L. donovani promastigotes were subcultured once in a week at 22°C in M-199 (GIBCO-BRL, USA) supplemented with 10% FBS (GIBCO-BRL), penicillin (100 U/ml) and streptomycin (100 μg/ml) and L-Glutamin (BIGCO-BRL, USA). To obtain pathogenic promastigotes, spleens from infected BALB/c mice were dissected into small pieces and dispersed in a medium M-199 supplemented with 20% FBS for 4-5 days. Transformed promastigotes were subcultured at a density of 2 × 10 6 cells/ml up to 2 months. After that, parasites were maintained in culture up to 2 years or more at a density of 2 × 10 5 cells/ml.

To maintain the pathogenicity, 1 × 10 7 promastigotes were suspended in 0.1 ml phosphate-buffered saline (PBS) and injected to BALB/c mice intracardially. After 2 months, mice were sacrificed, and spleen cells were cultured in Medium-199 supplemented with 20% FBS to get the pathogenic promastigotes. L. domnovani isolates, RS and SL were isolated from two different visceral leishmaniasis patients (R. Shaw and S. Lal). Approximately, 0.150 ml of bone marrow aspirate was diluted to 1.0 ml with M-199 containing 20% FBS. Promastigotes were visible after 3-5 days incubation at 22°C.

Biosynthetic labeling

Actively growing promastigotes were harvested at 5000 ×g for 10 min, washed 2 times with PBS and resuspended (2.0 × 10 7 cells/ml) in Hank's Balanced Salt Solution (HBSS, GIBCO-BRL, USA) supplemented with 45 μCi/ml of 35 S-methionin for 4 h at 22°C. Cells were washed twice to remove unincorporated radioactive methionine.

Surface iodination

Promastigotes were harvested and resuspended in PBS (5.0 × 10 7 cells/ml) for radio-iodination with the addition of 100 μCi 125 I-NaI for 10 min at 4°C in a total volume of 1 ml using Iodogen as a catalyst described by Howard et al. [9] Reaction was stopped by removing the parasite from the reaction tube and washed thoroughly with PBS to remove excess radioactivity. More than 90% cells were observed to be viable after radio-iodination.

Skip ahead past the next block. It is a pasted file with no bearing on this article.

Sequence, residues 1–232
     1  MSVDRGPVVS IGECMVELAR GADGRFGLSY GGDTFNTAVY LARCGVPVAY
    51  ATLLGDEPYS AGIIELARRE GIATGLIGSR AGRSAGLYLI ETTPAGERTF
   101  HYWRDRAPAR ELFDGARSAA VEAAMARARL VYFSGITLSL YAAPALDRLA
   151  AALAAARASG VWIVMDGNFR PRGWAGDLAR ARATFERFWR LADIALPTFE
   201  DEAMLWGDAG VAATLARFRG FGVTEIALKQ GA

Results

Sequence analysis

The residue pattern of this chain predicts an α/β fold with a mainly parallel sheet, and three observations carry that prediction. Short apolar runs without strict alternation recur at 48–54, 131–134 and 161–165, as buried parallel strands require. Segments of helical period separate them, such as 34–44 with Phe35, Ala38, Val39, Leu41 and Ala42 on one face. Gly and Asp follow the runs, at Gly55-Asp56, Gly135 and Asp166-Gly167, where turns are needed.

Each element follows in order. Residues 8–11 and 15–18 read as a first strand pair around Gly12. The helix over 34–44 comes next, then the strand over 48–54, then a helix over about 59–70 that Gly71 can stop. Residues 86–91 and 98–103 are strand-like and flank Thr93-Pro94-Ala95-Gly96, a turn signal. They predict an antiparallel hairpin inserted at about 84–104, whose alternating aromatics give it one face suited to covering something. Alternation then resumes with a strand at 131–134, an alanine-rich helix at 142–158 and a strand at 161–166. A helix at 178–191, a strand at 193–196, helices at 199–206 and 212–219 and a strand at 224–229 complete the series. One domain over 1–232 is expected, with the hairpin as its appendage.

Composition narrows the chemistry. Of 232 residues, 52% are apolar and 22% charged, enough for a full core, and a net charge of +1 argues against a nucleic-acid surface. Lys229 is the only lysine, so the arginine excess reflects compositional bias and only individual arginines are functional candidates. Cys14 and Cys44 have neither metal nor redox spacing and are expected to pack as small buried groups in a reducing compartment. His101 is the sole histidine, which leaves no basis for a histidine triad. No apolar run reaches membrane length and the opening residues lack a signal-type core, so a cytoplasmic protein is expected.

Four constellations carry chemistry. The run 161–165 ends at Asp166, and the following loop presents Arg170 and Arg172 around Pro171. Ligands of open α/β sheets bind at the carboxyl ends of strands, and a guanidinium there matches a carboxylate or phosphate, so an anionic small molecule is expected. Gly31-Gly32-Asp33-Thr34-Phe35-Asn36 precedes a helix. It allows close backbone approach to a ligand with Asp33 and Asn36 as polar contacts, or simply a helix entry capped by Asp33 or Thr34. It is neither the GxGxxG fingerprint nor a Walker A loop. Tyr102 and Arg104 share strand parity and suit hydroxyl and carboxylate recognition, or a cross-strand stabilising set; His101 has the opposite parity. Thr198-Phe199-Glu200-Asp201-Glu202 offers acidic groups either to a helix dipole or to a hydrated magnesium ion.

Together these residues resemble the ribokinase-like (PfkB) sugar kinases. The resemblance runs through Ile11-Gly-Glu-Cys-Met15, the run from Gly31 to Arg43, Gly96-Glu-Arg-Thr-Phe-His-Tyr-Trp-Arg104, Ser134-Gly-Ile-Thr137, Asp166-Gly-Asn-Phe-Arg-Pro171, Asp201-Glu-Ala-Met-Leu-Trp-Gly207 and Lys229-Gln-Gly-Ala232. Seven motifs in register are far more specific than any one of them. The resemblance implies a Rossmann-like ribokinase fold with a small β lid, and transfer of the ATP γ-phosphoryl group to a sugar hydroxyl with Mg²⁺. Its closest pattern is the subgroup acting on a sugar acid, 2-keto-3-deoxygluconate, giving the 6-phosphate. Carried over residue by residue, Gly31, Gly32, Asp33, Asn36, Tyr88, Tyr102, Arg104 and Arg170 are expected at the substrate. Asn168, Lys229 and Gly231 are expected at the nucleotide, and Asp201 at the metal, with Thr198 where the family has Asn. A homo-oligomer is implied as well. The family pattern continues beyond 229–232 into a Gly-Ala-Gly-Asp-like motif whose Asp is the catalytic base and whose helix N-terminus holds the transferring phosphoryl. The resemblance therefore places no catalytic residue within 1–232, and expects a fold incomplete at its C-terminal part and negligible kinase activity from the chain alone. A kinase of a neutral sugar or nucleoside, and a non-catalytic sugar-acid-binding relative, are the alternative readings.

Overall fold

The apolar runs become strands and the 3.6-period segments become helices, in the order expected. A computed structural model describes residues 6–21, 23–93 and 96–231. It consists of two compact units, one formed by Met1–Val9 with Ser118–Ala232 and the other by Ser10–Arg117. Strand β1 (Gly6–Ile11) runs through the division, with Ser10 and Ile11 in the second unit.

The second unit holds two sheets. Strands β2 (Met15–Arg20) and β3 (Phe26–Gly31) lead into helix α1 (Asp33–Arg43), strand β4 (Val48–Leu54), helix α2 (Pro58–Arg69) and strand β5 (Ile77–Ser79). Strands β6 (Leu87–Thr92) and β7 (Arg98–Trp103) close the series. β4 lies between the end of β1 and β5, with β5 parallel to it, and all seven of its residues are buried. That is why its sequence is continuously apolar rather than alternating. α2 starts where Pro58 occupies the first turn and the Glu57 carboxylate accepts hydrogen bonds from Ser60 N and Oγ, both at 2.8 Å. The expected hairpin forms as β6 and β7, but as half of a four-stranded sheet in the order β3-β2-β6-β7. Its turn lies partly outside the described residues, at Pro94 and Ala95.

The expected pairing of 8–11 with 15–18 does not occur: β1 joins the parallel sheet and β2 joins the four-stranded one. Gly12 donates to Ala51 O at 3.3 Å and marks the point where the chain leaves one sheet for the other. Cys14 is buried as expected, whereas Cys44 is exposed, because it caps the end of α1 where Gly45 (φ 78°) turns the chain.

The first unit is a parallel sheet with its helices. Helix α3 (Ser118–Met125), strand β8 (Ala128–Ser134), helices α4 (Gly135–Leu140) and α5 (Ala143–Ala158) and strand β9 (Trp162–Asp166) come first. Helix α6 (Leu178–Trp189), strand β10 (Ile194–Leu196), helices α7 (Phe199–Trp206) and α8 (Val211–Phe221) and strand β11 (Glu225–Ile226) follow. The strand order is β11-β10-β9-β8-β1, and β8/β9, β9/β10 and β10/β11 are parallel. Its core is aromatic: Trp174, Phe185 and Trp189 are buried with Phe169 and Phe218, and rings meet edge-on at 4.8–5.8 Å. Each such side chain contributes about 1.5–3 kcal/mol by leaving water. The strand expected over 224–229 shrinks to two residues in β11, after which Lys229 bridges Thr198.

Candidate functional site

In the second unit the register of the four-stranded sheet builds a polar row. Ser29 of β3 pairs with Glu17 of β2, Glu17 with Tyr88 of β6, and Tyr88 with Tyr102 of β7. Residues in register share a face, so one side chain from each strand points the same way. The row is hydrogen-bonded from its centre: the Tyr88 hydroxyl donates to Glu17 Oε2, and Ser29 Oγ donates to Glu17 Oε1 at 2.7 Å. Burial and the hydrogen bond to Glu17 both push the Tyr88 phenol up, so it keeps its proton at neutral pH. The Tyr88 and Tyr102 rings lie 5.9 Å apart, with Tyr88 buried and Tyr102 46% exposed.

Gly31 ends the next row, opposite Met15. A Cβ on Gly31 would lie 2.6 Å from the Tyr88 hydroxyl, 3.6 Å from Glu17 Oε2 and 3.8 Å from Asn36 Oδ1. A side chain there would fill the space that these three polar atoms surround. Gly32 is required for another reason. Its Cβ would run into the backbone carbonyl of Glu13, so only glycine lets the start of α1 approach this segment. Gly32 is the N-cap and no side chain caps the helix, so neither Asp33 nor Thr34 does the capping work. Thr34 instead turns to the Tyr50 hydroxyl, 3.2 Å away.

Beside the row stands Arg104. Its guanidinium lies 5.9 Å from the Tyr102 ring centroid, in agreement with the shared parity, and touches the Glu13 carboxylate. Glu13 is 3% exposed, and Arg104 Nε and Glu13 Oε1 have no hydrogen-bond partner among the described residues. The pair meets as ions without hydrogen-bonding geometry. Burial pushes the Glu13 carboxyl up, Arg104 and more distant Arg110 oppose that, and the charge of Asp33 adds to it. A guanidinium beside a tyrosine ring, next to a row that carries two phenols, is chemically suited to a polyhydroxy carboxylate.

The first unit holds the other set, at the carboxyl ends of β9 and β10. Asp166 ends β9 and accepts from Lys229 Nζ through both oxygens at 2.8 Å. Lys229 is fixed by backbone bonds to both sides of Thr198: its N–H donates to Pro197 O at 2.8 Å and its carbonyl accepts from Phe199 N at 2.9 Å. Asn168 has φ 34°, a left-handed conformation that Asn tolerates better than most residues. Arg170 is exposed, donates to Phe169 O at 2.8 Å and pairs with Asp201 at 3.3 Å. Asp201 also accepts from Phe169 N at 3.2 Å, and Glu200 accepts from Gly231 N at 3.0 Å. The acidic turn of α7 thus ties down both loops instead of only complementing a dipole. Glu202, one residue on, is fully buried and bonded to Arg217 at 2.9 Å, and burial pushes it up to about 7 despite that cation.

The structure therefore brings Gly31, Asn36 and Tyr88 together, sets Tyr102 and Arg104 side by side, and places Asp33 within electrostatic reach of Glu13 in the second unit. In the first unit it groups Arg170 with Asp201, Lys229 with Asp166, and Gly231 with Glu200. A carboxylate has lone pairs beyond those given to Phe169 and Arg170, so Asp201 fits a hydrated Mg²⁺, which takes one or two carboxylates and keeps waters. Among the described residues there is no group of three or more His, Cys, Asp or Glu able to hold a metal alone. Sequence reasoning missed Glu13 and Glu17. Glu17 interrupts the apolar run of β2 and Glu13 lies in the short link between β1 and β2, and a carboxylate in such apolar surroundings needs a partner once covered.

Two-dimensional polyacrylamide gel electrophoresis

Approximately, 2 × 10 8 promastigotes were harvested and the cell pellet was resuspended in a 0.2 ml of lysis buffer containing 9.5M Urea (BioRad, USA), 4.0% NP-40 (Sigma, USA), 5% β-mercaptoethanol (Sigma, USA) and 2% ampholine, pH 3.5-10 (Pharmacia, Upsala, Sweden) and incubated at 37°C for 1 h with occasional mixing. Extracts were centrifuged at 10,000 ×g for10 min at 4°C to collect the supernatant. Promastigote proteins were analyzed by 2D-PAGE according to the method described by O'Farrell et al. [10] with some modifications. Briefly, parasite proteins (approximately 100 μg for each run) were loaded in a 4.0% polyacrylamide gel made in glass tube (12.0 × 0.3 cm) containing 9.5M urea, 4.0% NP-40, 2.0% ampholine pH 3.5-10 and the electrophoresis was carried out in three steps; 200V for 15 min, 300V for 30 min and 400V for 2 h using 10 mm phosphoric acid and 20 mM NaOH as anode and cathode solution, respectively. Gels were ejected from the tube and incubated 1.5 h in a buffer containing 63 mM Tris-HCl pH 6.8, 10.0% glycerol, 2.3% sodium dodecyl sulfate (SDS), and 5.0% β-marcaptoethanol for equilibration. The tube gels were placed on 12.5% SDS-PAGE to analyze protein in the second dimension.

Isolation of amastigotes andin vitro transformation

Spleens from infected BALB/c mice were collected aseptically, dissected into small pieces, homogenized and centrifuged at 800 ×g for 5 min at 4°C to remove cell debris. The supernatant was then collected and re-centrifuged at 5000 ×g for 5 min at 4°C. The pellet containing mainly amastigotes was suspended in M-199 supplemented with 20% FBS and incubated at 22°C for transformation for 3-4 days.

Protein estimation

To minimize the interference of detergents and ampholines, promastigote protein extracts were measured by DOC-TCA method as described by Patterson, GL. [11] Briefly, 10 μl extract was diluted to 1 ml by adding water. To this solution, 100 μl each of 0.15% DOC and 72.0% TCA were added for precipitation. The suspension was centrifuged at 10,000 ×g for 10 min and the pellet was resuspended in 1.0 ml of water. Protein estimation was performed after addition of reagent A (10.0% Na 2 CO 3 , 0.1% CuSO 4 , 5H 2 O, and 0.2% sodium potassium tartrate) and ×0.5 diluted Folin's reagent after 30 min incubation at room temperature with BSA as a standard at OD 750 nm .